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The projected warmer temperatures, drier summers, and increase in frequency of extreme drought and heatwave events will increase water stress in trees, with the largest risk of drought in southern England.

Drought can lead to reduced tree growth, crown dieback and tree mortality. Secondary impacts include increase risk of windthrow, wildfire, pest and disease outbreaks.

The risk of drought needs to be assessed, and adaptation measures put in place to help manage these risks. Research and ongoing monitoring can help better understand the risk and impacts of drought on different tree species, provenances and sites.

Risk factors

Risk of drought is influenced by the following

  • Timingdry springs may affect the current year’s growth, late summer droughts may affect the next season’s growth more. Repeated droughts may have a cumulative effect, leading to growth reductions several years later.

  • Location – summers are projected to become drier across most of the UK, with the largest reductions in southern England, where temperatures will also be warmest.

  • Site soil – shallow, light-textured and freely draining soils hold less water than deep, heavier soils, and therefore trees growing on shallow, lighter soils are more prone to water stress and drought impacts. 

  • Tree species – drought sensitivity varies between tree species. For example, species such as beech, birch and sycamore are more sensitive than hornbeam or native oak species. Species such as Douglas fir and western hemlock are more tolerant of drought and show lower susceptibility to stem cracking than species such as Sitka spruce. Differences in drought tolerance can also exist between different local populations (provenances).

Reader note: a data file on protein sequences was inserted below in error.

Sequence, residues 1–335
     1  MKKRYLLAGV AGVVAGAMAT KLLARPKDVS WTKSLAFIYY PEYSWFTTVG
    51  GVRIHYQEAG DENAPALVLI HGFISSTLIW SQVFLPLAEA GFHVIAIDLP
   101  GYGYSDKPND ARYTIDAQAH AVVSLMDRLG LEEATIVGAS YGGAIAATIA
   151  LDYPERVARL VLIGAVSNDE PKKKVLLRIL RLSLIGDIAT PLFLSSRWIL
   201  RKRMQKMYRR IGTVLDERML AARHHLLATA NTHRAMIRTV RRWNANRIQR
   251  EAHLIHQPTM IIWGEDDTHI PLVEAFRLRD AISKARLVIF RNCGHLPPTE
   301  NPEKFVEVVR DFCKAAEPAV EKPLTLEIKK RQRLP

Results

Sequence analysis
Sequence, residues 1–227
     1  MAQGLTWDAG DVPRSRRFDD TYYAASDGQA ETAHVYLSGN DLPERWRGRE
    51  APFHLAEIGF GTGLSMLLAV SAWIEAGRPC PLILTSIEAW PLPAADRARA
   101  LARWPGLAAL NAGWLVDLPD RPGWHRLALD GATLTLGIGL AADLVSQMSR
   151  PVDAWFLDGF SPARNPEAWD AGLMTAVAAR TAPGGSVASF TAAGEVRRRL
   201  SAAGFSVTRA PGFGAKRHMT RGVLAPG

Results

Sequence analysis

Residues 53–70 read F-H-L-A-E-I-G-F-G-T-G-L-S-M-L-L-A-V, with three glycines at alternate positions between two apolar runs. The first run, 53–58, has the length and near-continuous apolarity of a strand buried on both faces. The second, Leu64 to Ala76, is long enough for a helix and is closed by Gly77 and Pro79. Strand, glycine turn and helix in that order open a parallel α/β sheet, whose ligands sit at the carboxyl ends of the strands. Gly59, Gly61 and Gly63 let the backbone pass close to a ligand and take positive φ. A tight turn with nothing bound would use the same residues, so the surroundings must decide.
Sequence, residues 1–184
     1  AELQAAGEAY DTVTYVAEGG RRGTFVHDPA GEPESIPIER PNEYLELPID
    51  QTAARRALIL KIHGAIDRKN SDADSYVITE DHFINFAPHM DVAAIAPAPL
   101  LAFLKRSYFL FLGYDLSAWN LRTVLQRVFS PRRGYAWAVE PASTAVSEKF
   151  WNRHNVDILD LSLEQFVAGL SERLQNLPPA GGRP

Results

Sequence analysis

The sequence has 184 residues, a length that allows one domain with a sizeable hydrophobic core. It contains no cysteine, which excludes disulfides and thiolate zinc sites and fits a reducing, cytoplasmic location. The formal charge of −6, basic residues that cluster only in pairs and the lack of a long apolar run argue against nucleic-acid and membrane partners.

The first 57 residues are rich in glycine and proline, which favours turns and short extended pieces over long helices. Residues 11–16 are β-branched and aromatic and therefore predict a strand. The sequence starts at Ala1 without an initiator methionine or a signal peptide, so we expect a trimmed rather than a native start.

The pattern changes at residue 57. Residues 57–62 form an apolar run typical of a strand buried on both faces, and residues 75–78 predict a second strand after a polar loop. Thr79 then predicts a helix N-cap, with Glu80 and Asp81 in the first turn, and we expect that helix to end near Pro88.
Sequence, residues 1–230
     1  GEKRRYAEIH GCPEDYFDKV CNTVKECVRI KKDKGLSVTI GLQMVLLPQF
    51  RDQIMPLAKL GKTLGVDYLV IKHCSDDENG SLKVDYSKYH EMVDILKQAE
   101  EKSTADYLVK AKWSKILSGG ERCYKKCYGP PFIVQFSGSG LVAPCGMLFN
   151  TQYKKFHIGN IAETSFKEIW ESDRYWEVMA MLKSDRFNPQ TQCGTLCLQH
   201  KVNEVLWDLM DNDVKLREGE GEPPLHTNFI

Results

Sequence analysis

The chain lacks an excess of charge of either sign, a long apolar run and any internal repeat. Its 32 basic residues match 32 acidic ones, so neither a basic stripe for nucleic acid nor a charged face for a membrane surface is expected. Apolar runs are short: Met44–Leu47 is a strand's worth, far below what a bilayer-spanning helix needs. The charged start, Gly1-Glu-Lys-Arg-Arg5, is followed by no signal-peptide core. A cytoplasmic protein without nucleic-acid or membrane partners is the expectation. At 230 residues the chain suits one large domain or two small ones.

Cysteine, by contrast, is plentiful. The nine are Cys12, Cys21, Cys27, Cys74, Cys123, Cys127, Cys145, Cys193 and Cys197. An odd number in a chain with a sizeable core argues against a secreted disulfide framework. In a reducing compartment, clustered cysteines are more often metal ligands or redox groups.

• Root depth – ground vegetation and shallower rooting shrubs and trees may be more affected than deeper rooted tree species. Newly planted trees will be particularly vulnerable to droughts, especially those on exposed open sites. Smaller, more fragmented woodlands are more likely to dry out than extensive areas. In addition, trees growing on soils that are deep, but poorly drained so that they are waterlogged in winter may have shallow rooting zones, and therefore may be at risk if upper soil layers dry out in summer, even if there is water in deeper layers. 

  • Age – New planting, older, and veteran trees are more likely to be affected by drought. Because the effects of drought differ with species and tree age, this may result in changes to stand species composition and age structure. 

  • Stand health – Forest recovery after a drought disturbance is linked to the condition before the disturbance. Forests are adaptable ecosystems, however constraints on natural processes can impact recovery. 

Drought impact

  • Reduced tree growth and productivity.
  • Increased vulnerability to pest and disease damage and mortality.
  • Increased risk of mortality if drought is prolonged, severe or repeated.
  • Reduced carbon sequestration due to reduced growth and increased mortality.
  • Stem crack can appear in the years following a drought, due to impacts on the structural properties of the tree, lowering the commercial value.
  • Increased risk of wildfire.
  • Increased risk of windthrow.
  • Where trees establish under natural conditions, their distribution is expected to shift north and to higher elevations as the climate warms.


Drought risk research is underway at Forest Research, including through the PRAFOR project. 

Case study

Find out how drought risk influenced which adaptation measures to adopt and changes to operations, silvicultural systems and species choice.

Assessing tree species suitability with ESC

Forest Research’s ESC decision support tool can be used to indicate the suitability of a site for a range of tree species, now and into the future. ESC considers the tree species’ response to average climate conditions of temperature, moisture deficit (the accumulative difference between rainfall and evapotranspiration) and the site’s soil nutrient status and water-retention properties (soil moisture regime). ESC does not yet include an assessment of the impact of possible extreme weather events, such as periods of drought, on different species.